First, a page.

So, I’m meditating a lot on verses like Philippians 2:3-4 and Galatians 2:20. Galatians 2:20 says, “I have been crucified with Christ. It is no longer I who live, but Christ who lives in me. And the life I now live in the flesh, I live by faith in the Son of God, who loved me and gave himself for me.” A principle taken from this is that I live my life that is in the flesh by faith in the Son of God. So, my behavior should change because of the Truth of the Gospel, and because “it is no longer I who live, but Christ who lives in me.” One application of this for me is that I should not become so easily aggravated when my mom reacts to my driving. If I have truly been “crucified with Christ,” then the disrespectful and irritable behavior that so often comes out of me when this happens doesn’t make any sense: that behavior is of my old nature, before Jesus, and does not fit with the Jesus living in me now.
A preference of mine, however, would be in the realm of tattoos and body art. I personally would not get a tattoo, because I imagine it sagging with my skin as I get older, or giving me a poor reputation in my social circle and therefore harm my testimony, or the meaning behind it would change as I change..but this is not a principle pulled from Scripture. Nowhere (that I know of) does it say in God’s Word to not have tattoos. It does support taking care of your body in every way and using it to glorify God, and not placing worth in personal appearance (Proverbs 31:30, 2 Corinthians 6:19-20, Romans 6:13, 1 Peter 3:3), but there is nothing in there (that I have read) that says that having tattoos is sinful or inconsistent with following Christ. In fact, there are plenty of instances in which tattoos, particularly ones with godly meaning, can be used to start conversations with unbelievers, kind of like wearing a cross necklace, or a hat that says “I love Jesus.”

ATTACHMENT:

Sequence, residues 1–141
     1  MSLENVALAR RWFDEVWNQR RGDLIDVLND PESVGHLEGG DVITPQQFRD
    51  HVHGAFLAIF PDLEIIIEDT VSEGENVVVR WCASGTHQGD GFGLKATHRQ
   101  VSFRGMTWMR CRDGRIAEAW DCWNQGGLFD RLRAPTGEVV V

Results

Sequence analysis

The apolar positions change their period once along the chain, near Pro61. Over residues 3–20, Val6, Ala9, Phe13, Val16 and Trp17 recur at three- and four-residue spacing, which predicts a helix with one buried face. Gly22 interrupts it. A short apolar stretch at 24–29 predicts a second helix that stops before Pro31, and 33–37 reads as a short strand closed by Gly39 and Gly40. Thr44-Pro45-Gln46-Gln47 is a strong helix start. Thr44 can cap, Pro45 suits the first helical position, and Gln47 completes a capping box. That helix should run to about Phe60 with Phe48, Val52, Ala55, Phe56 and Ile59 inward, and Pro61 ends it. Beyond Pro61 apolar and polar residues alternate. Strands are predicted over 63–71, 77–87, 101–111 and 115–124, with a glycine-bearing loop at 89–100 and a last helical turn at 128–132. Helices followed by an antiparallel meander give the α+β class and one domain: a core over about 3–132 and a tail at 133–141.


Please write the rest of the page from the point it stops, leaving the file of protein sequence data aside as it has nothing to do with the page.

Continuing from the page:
As I’m reaching out to encourage, challenge, learn from, minister to, and disciple people around me, I’m constantly learning where my preferences and God’s principles get intertwined and sometimes unfavorably confused. And this can be, I think, one way in which I unintentionally communicate criticism and condescension to people.
MESSAGE AND METHOD
“O Lord, you have deceived me, and I was deceived; you are stronger than I, and you have prevailed. I have become a laughingstock all the day; everyone mocks me. For whenever I speak, I cry out, I shout, ‘Violence and destruction!’ For the word of the Lord has become for me a reproach and derision all day long. If I say, ‘I will not mention him, or speak any more in his name,’ there is in my heart as it were a burning fire shut up in my bones, and I am weary with holding it in, and I cannot.” (Jeremiah 20:7-9)
There is one more heavy lesson coming out of all of this, and it’s much simpler I think: there are occasions when people do not accept your message, they will question your method. In other words, there are times when what you are saying to people is solid and true, and is the gospel in its purest form, but because they do not want to receive it, or do not want to change, they will point out your flaws in presenting it.